|Publication number||US7857565 B2|
|Application number||US 11/480,097|
|Publication date||Dec 28, 2010|
|Filing date||Jun 29, 2006|
|Priority date||Jun 29, 2006|
|Also published as||US8701264, US20080003079, US20110056065|
|Publication number||11480097, 480097, US 7857565 B2, US 7857565B2, US-B2-7857565, US7857565 B2, US7857565B2|
|Inventors||Howard E. Martinson|
|Original Assignee||The Boeing Company|
|Export Citation||BiBTeX, EndNote, RefMan|
|Patent Citations (21), Referenced by (13), Classifications (15), Legal Events (2)|
|External Links: USPTO, USPTO Assignment, Espacenet|
Modifications or alterations to a vehicle or a facility may be made from time to time during the service life of a vehicle or facility. For example, additional equipment or systems may be added, either permanently or on a temporary basis.
Equipment or systems may be attached directly to attach points of the structure of the vehicle or facility. Alternately, a mounting structure, such as for example a false floor or the like, may be attached to the attach points, and the equipment or systems may be mounted on the mounting structure as desired. This latter approach permits the installation of equipment or systems without modifications to the structure of the vehicle or facility. Regardless of whether equipment, systems, or mounting structures (collectively, “mounted structure”) are attached to the attach points, the mounted structure is attached to the attach point via a fastener.
Mounting holes for receiving the attach point fasteners are planned and defined in the mounted structure based upon documented location of the attach point fasteners. In some applications the mounting hole may be counter-bored such that the attach point fastener will not extend past an upper surface of the mounted structure. The mounted structure is placed on the structure of the vehicle or facility such that the attach point fasteners are received in the mounting holes.
However, a variability may exist between documented location of an attach point fastener and actual location of the attach point fasteners. This variability may result from, without limitation, inaccurate documentation, assembly processes with large tolerances for inaccurate location, heavy use, damage, field repairs, or any combination thereof. In some instances, the variability may be on the order of around an inch or so. However, there is no limit to possible variability.
In the event of a large variability, a mounting hole that was defined based on documented location of a fastener may not align properly with actual location of the fastener. In the case of a counter-bored mounting hole, attachment may be precluded even if the attach point fastener fits within the counter-bored hole. This is because bushings or washers received within the counter-bored hole may not align with the fastener.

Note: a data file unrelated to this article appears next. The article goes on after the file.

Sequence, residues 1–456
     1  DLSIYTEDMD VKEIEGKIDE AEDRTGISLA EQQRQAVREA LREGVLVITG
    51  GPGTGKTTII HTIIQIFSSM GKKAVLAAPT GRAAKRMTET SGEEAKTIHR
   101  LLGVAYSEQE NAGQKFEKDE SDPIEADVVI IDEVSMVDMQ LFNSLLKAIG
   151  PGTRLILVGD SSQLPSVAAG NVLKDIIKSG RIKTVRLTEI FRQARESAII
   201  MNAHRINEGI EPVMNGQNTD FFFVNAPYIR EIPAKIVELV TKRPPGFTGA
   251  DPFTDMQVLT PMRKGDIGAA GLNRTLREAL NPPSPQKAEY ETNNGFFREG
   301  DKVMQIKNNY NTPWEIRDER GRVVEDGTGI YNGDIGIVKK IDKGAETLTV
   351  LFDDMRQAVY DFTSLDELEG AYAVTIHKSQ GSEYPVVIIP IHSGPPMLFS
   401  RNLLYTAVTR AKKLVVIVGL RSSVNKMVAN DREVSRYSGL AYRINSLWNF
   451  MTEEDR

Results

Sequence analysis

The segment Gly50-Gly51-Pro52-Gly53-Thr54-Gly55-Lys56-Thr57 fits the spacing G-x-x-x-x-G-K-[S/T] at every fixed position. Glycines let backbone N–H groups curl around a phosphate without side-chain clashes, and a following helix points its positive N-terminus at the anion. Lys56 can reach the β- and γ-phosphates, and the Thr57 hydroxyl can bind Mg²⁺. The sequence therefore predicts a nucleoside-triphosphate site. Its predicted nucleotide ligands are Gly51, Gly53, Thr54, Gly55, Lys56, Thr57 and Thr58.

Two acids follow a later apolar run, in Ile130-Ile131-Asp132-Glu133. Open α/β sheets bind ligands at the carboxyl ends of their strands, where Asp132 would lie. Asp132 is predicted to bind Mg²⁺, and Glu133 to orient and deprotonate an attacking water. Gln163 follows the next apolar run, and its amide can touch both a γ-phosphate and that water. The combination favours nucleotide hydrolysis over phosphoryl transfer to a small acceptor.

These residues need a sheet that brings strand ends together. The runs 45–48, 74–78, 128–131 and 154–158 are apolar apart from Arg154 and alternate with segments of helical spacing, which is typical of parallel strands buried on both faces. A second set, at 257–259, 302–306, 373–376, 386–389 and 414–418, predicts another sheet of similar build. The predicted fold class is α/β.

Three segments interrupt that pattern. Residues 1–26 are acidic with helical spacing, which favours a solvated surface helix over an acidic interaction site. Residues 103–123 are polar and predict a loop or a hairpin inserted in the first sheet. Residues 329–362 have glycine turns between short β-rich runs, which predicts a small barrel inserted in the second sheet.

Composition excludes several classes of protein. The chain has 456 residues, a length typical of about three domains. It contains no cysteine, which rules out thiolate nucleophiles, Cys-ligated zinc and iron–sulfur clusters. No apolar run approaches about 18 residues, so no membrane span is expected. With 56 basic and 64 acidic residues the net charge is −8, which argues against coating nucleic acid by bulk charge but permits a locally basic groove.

In such cases, the mounting hole may be re-drilled. Alternately, in some cases, a new mounted structure may have to be fabricated. Such rework introduces delays and cost increases into a modification or alteration.
The foregoing examples of related art and limitations associated therewith are intended to be illustrative and not exclusive. Other limitations of the related art will become apparent to those of skill in the art upon a reading of the specification and a study of the drawings.
The following embodiments and aspects thereof are described and illustrated in conjunction with systems and methods which are meant to be exemplary and illustrative, not limiting in scope. In various embodiments, one or more of the problems described above in the Background have been reduced or eliminated, while other embodiments are directed to other improvements.
In an exemplary, non-limiting bushing assembly, a first bushing defines a first opening therethrough. The first opening has a first dimension along a first axis that is sized to receive a fastener therethrough. The first opening has a second dimension along a second axis, and the second dimension is larger than the first dimension. A second bushing defines a second opening therethrough that is sized to receive a fastener therein. Means are provided for engaging the first and second bushings.
According to an aspect, the engaging means may be provided by serrations defined on a surface of the first bushing and serrations defined on a surface of the second bushing. Alternately, the engaging means may be provided by, without limitation: an abrasive surface treatment defined on a surface of the first bushing and defined on a surface of the second bushing; an adhesive affixed to a surface of at least one of the first and second bushings; hook and loop fasteners affixed to the first and second bushings; or the like, as desired for a particular application.
According to another aspect, the first opening may be a slot. Further, the dimension along the second axis of the slot may be at least one-half an amount of variability of actual location of a fastener from documented location of the fastener.
In another exemplary, non-limiting bushing assembly, a first bushing defines a first slot therethrough that has a first dimension along a first axis that is sized to receive a fastener therethrough. The first bushing has a second dimension along a second axis that is larger than the dimension along the first axis. The first bushing defines a second slot therethrough that has a third dimension along the first axis that is bigger than the first dimension and that has a fourth dimension along the second axis that is larger than the second dimension. A second bushing defines a second opening therethrough that is sized to receive a fastener therein. Means are provided for engaging the first and second bushings.